Lough Fadda is known though out Ireland as the home of some amazing salmon and trout fishing, however a little less known are the reports of large unknown creature dwelling in the lake. Described as having a horse like head with the long body of an eel the Lough Fadda Beast has reportedly lived in the lough, or lake, for centuries. One of the best known encounters with the Lough Fadda Beast began in 1954 when a Miss Georgia Carberry, along with several companions, was enjoying a peaceful fishing trip on the lough. Midway through the day the calm of the pristine water suddenly broke off to the side of their boat.
The group of friends nervously starred at the thrashing water, unsure as the cause of the commotion; all of a sudden a long necked monstrosity thrust its head through the water and headed directly for the boat. The group of friends was terrified as the huge beast approached the ship, but at the last moment it dove under the boat, reemerging on the other side exposing two distinct humps behind its head and neck.
Word of Miss Carberry’s encounter with the Lough Fadda Beast traveled slowly through the scientific community and eventually fell upon the ears of Captain Lionel Leslie who, along with such high profile investigators as Dr. Roy P. Mackal and David James, founder of the Loch Ness Investigation Bureau, converged on the lough in 1965. In an attempt to solve the mystery and bring the creature to the surface of the lake Captain Leslie and his crew detonated five pounds of gelignite in roughly the same location as Carberry encounter.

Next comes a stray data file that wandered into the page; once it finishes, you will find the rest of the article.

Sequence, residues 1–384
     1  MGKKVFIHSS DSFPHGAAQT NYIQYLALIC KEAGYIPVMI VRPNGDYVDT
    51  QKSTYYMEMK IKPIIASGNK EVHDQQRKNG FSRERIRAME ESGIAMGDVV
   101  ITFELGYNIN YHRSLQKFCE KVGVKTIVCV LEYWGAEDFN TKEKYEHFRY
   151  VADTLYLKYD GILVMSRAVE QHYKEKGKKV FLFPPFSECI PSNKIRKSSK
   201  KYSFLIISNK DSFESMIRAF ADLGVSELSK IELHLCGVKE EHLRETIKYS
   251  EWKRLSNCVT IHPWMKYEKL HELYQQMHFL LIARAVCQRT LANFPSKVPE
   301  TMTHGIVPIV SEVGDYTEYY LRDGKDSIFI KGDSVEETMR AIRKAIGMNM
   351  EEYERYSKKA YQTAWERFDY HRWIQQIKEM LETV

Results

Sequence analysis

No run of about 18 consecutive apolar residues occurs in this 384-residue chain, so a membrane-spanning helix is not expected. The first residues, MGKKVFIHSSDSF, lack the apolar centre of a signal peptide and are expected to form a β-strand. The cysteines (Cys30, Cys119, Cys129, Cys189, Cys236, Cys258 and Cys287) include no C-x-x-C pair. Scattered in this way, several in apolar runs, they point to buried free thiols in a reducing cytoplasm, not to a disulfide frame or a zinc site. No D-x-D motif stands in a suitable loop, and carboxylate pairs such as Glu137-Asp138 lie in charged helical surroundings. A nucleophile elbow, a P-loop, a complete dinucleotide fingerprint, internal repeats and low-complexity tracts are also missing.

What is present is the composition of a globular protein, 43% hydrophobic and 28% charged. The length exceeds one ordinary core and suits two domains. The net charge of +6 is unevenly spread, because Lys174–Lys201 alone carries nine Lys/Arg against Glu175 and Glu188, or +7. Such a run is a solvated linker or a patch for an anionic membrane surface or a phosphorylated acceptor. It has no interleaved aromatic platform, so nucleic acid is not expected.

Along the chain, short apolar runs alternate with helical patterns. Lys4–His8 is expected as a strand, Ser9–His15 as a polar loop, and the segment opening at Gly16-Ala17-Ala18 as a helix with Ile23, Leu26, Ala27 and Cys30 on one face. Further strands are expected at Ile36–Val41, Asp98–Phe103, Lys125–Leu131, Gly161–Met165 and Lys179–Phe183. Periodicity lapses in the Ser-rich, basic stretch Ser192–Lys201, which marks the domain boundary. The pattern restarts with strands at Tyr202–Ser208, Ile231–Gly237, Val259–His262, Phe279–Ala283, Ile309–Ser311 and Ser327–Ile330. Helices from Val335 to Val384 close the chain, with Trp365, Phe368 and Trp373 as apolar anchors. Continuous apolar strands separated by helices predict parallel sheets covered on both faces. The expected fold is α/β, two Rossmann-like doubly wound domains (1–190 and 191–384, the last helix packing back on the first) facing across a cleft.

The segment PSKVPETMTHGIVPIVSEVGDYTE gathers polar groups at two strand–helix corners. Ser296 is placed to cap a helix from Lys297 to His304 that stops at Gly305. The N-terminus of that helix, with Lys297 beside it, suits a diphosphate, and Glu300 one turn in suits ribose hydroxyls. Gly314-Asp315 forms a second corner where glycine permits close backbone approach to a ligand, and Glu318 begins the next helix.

With in seconds of the explosion a large, dark object came thrashing to the surface of the lake; it thrashed so wildly that the members of the team had a difficult time making out any specific physical features of the beast. After some discussion the team agreed that what they had seen was a very real creature, one that resembled no other animal known to live in Lough Fadda.
Speculation as to the identity of the beast ranged from the usual suspect, a surviving prehistoric specimen of plesiosaur thought to be the identity of several so called lake monsters through out Scotland and Ireland, including the most famous of these creatures, the Loch Ness Monster, to a surviving specimen of zeuglodon, a species of prehistoric whale known to have lived some 37 million years ago. Captain Leslie and his team returned to Lough Fadda again in 1969 hoping this time to determine just what it was they saw that day. This time they expanded their search area to include loughs Nahooin, Shanakeever and Auna. Using giant nets Captain Leslie and his team hoped to capture a live specimen of the Lough Fadda Beast, however their nets failed to expose the creature and the true identity of the Lough Fadda Beast remains a mystery to this day.
There is currently no physical evidence to support the existence of any large unknown creature living in the depths of Lough Fadda.
In 1954, Miss Georgia Carberry, along with several companions, was enjoying a peaceful fishing trip on the lough when suddenly a large unknown creature charged their vessel.
In 1965, Captain Lionel Leslie, along with such high profile investigators as Dr. Roy P. Mackal and David James, founder of the Loch Ness Investigation Bureau, converged on the lough in search of the beast. Using explosive charges the team was able to drive a large unknown creature to the surface; however it thrashed so wildly that the team was unable to actually see the beast.
The Stats– (Where applicable)
• Classification: Lake Monster
• Size: Unknown
• Weight: Unknown
• Diet: Unknown
• Location: Lough Fadda, Ireland
• Movement: Swimming
• Environment: Lough